Katie Botkin

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Sandpoint, Idaho–just like Amsterdam minus the Red Light District. Photo courtesy of Big Leap Creative Photos.

A letter from Katie Botkin in Idaho:

I have to say, I haven’t always had the best of luck finding a roommate in North Idaho. Most nice professional single women here tend to want their own place, because they move from someplace like New York and the rent is so much cheaper.

There was one guy a couple of years ago who moved in and then the job he moved for fell through. He moved out promptly. There was one girl who liked to stay up cooking very late, and then accidentally left a pizza burning in the oven all night. She moved out less promptly. Then there was the girl with the super-hippie boyfriend.

This last time, I wrote up a detailed description on Craigslist, describing myself as a light sleeper who disliked drugs and wanted the house kept clean. I got a response more quickly than I’d anticipated. Another guy, but he described himself as employed, quiet and not into drugs either. We exchanged a couple of e-mails. He was fairly articulate and seemed nice enough. So we met up.

At the meeting, I asked him for his references. He wrote down a few names for me. Before I called them, I tried looking him up on the internet. He had a common name, but now I knew what he looked like.

Within one minute, I had found an article from a semi-local newspaper with his photo. As it turned out, he had been arrested for getting in a race-related brawl, and someone had tried to prosecute him for passing out white supremacist literature, which of course they couldn’t legally do.

For a few seconds, I wondered if my usually-inclusive nature should include even white supremacists. And then I decided that because of the color schemes of my friends, that might be a risky decision.

I e-mailed the guy and made up some excuse, not knowing what else to do.

The next guy who contacted me about the room had a long and complex last name. He was originally from Uzbekistan, he said. His father was an atheist Tatar and his mother Russian Orthodox. He was a 31-year-old divorced computer programmer moving up from Eastern Washington. I thought: well, at least he’s sure to not be a white supremacist. I asked him if he’d ever been arrested. “No,” he said. “But I was down in the dumps after I got divorced.”

This one has turned out to be (after more background checks) actually quite an excellent roommate. He works until 11 and then comes home and goes to bed. He washes his one dish every morning. I mean, it’s been all of two weeks, but in that time he has also told me some of the funniest childhood stories I’ve ever heard, in the half-hour between his coming home and going to bed. Last night, he was relating how when he was a kid, they used to shut down the school by breaking a thermometer and tainting the grounds with mercury. Then there would be radiation alerts, and they’d all get sent home. Or else they’d put rotten eggs behind the furnace.

He likes Sandpoint. He says it’s like Amsterdam, minus the Red Light District.

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The best little town in Idaho

Lake at Sandpoint, Idaho

Summer on the lake in Sandpoint, the best little town in Idaho. Photo by Katie Botkin.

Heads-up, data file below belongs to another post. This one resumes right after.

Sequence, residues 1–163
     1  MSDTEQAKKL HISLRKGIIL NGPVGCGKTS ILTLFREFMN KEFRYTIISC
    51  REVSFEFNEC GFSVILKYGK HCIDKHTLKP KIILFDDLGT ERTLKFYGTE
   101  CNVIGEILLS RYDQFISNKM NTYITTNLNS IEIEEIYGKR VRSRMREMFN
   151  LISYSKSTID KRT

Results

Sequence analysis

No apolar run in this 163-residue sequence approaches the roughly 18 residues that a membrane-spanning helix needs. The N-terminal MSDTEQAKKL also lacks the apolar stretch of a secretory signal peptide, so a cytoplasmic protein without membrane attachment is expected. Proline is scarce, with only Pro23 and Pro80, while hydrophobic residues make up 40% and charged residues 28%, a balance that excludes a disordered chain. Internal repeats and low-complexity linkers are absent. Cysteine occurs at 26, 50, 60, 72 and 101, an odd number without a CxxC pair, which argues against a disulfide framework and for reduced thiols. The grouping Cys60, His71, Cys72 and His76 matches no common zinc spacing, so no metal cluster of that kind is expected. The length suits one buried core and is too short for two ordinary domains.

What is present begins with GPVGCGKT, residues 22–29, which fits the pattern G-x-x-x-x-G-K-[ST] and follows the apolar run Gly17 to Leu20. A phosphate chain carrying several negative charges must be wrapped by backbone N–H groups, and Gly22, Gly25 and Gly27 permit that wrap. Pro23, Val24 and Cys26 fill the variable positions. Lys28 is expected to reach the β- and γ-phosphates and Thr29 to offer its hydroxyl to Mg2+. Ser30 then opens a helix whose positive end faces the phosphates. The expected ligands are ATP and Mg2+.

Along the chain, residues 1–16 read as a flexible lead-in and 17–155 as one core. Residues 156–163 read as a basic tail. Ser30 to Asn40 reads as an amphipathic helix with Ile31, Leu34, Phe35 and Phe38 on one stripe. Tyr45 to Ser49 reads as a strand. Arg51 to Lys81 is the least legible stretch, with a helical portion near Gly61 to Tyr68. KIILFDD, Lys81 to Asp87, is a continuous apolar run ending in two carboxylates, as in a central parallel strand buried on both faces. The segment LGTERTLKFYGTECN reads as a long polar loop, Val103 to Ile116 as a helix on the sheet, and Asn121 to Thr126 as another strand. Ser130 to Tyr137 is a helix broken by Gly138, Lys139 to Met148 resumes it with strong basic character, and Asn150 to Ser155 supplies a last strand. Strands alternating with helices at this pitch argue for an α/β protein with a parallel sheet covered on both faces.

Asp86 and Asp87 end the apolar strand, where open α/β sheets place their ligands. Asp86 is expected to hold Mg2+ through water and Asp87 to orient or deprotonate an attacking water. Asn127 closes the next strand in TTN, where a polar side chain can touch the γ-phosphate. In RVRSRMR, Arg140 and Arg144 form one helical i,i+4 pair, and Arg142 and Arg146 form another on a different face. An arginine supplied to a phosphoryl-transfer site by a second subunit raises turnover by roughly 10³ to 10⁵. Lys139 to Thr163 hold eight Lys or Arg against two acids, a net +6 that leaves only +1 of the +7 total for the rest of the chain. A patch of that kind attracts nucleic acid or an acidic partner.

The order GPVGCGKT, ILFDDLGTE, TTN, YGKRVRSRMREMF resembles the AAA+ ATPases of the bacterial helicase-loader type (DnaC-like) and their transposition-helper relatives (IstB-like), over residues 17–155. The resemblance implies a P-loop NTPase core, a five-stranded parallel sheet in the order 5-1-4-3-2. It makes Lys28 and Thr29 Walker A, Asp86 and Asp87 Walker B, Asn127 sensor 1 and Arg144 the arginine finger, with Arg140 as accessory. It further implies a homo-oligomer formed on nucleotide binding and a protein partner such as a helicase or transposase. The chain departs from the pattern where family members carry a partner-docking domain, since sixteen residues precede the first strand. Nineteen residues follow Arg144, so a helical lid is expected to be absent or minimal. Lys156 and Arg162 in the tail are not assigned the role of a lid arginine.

A Letter from Katie Botkin in Idaho:

On Thursday nights, there’s this phenomenon called dollar beers at Eichardt’s, the local pub and one of my favorite pubs ever. They tap a keg, and everybody gets whatever microbrew it happens to be. Several pints, usually. I often try to limit myself to one, but that doesn’t always happen. Once you’ve been going there for awhile, you can walk in by yourself and find at least one other person you don’t mind talking to for a couple of hours. It’s like church. Actually, some people even call it church. People tend to be very generous when a pitcher costs $4 and they know half the bar. “Put it on my tab,” they’ll say grandly.

A couple of Thursday nights ago, I ran into a team of bicyclers who had stopped in Sandpoint for a rest day. They were biking from the East Coast to the West Coast in support of Multiple Sclerosis. Or its demise, I suppose. The next thing I knew, it was 3 am, and I’d moved on to Jameson and listening to them describe how the trip had restored their faith in humanity.

I kept in touch, tracking their progress to Seattle. I never expected to see them again, but lo and behold, after one day in the city, some of them returned to Sandpoint, driving through the night. This may have had something to do with the fact that they knew a guy who owned a brewing company in Sandpoint, but I like to think that it was because they were telling the truth when they said Sandpoint was the best town they had discovered in their two months of touring, and they wanted another adventure before they had to return to their real lives in Philadelphia.

“It’s amazing,” they said as we ate Mexican food from Joel’s, a delicious and inexpensive lunch stand a block from my house. “Everyone is smiling here.”

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The Festival at Sandpoint

Josh Ritter

Josh Ritter at the Festival at Sandpoint. Photo by Katie Botkin.

A Letter from Katie Botkin in Idaho:

To imagine that North Idaho is all crazy right-wingers would do it a great injustice. There are also a lot of hippies and yoga enthusiasts and ski bums. And then there’s the North Idaho yuppie, the kind that spends a lot of money for a house on a lake and supports the local art scene. We even have our own music festival: the Festival at Sandpoint, in early August. It’s always a mix of different artists and genres; this year, I went to the Barenaked Ladies, Counting Crows, and Pink Martini. And I skipped Kenny Loggins.